Regarding application integrations, two requirements must be considered: functional and nonfunctional. Both types are important to ensure that the integration solution meets the needs of the business and its users. In this article, we will explore the differences between functional and nonfunctional requirements and how they impact application integration.
Functional requirements describe the specific functions that the integration solution must perform. They define what the solution should do, how it should do it, and what results it should produce. In the context of application integration, functional requirements focus on the data and processes that must be integrated between two or more systems.
Example: Customer data from eCommerce platform X must be integrated with customer relationship management (CRM) system Y.
Functional requirements are important because they ensure that the integration solution works as expected and meets the business needs. They are usually defined through a process of requirements gathering and analysis, where stakeholders identify the specific functions that the integrated system must perform.
Functional requirements are usually more concrete and easier to define, since they address the explicit business-critical goals of your integrations. Once you define functional requirements, they can serve to guide the design, development, and testing of the integrated system.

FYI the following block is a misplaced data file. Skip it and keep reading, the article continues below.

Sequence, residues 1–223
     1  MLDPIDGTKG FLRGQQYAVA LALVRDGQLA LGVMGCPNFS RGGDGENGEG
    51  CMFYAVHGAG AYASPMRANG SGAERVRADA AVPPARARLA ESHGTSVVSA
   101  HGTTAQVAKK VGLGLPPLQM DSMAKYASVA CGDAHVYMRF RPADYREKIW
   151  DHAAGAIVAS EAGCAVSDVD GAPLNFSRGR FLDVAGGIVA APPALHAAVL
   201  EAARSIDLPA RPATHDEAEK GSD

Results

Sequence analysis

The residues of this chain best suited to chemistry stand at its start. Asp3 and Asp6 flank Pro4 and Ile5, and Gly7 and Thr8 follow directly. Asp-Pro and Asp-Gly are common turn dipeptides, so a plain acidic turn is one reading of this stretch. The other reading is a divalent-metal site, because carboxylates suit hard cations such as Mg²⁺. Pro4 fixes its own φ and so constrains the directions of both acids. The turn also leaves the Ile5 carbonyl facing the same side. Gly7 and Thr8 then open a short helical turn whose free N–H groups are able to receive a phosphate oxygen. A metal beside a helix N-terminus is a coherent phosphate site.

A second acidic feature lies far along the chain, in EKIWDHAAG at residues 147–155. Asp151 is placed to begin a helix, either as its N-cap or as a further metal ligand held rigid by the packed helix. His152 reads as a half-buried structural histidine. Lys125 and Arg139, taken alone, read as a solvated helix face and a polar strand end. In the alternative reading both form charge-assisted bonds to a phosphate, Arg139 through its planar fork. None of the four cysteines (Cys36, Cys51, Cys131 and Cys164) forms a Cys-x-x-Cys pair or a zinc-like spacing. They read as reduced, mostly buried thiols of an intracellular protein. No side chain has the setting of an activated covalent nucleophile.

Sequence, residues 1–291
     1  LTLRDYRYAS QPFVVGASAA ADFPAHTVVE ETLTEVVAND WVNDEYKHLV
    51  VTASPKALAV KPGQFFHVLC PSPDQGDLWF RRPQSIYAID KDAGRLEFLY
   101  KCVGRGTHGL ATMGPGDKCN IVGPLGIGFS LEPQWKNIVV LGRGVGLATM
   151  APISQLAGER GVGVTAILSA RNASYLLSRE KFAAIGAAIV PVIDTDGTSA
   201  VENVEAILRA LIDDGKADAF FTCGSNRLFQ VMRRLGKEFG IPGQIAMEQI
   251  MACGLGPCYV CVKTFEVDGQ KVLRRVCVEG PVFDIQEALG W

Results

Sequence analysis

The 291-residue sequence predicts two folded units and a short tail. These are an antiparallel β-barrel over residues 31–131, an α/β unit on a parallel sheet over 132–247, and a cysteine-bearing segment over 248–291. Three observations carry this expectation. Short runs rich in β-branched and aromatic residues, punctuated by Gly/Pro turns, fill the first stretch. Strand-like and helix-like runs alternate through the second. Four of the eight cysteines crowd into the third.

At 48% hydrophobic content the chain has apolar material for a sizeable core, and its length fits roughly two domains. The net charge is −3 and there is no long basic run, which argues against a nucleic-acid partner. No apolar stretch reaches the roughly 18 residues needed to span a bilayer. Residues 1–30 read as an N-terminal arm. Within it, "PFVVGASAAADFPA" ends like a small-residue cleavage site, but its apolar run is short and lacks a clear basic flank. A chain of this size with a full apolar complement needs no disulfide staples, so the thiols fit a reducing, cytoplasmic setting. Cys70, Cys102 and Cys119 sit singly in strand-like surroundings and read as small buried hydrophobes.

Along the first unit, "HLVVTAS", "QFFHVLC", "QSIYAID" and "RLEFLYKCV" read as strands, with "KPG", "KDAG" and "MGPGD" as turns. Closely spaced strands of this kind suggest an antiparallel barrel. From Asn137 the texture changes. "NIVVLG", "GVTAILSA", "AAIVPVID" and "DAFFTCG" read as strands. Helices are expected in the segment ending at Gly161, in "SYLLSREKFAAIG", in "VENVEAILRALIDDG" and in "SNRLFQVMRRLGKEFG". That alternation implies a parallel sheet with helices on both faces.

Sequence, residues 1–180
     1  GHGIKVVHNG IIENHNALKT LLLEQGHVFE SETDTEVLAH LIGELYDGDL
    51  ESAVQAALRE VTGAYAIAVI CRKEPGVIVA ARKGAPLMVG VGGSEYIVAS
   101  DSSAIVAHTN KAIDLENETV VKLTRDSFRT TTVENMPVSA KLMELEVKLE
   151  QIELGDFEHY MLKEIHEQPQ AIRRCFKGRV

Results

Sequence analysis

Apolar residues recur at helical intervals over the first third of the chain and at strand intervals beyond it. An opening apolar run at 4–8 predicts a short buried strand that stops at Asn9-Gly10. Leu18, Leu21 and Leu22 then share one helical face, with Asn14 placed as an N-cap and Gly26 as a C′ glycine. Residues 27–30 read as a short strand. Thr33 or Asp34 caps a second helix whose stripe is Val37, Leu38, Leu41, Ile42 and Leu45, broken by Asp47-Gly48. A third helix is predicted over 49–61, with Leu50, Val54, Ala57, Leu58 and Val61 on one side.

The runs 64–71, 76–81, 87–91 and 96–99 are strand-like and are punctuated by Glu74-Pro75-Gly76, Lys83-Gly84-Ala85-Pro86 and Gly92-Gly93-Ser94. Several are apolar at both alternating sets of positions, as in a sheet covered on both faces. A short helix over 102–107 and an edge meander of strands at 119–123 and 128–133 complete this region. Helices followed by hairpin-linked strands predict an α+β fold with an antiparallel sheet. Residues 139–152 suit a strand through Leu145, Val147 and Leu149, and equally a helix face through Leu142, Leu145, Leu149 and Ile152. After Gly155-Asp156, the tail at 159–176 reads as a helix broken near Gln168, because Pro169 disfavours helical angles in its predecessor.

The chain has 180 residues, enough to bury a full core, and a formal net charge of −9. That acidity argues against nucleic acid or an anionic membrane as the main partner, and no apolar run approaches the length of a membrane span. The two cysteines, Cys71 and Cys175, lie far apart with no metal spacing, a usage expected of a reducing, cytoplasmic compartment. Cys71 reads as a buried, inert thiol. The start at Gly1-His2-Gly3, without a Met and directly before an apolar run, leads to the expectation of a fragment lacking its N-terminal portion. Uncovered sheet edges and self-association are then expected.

Nonfunctional requirements, on the other hand, describe the qualities that an integration solution must possess to meet the needs of its users. They focus on the performance, usability, security, and other characteristics that are not related to specific functions.
- The integration solution must be able to handle X number of transactions per second.
- The account permissions and interface must provide access control mechanisms Y and Z.
Nonfunctional requirements are important because they ensure that the integration solution is reliable, efficient, and secure. They are usually defined through a process of stakeholder consultation and analysis, where stakeholders identify the specific qualities that the integrated system must possess.
As a result of that process, nonfunctional requirements are often more subjective and harder to measure. They require careful consideration of user needs and expectations to ensure that the integrated system meets their needs. Once nonfunctional requirements are defined, they too can be used to guide the design, development, and testing of the integrated system.
In conclusion, both functional and nonfunctional requirements are equally important to the success of an integration solution. Functional requirements ensure that the solution performs the specific functions that are required by the business, while nonfunctional requirements ensure that the solution is reliable, efficient, and secure. By carefully considering both types of requirements, stakeholders can ensure that the integration solution meets the needs of the business and its users.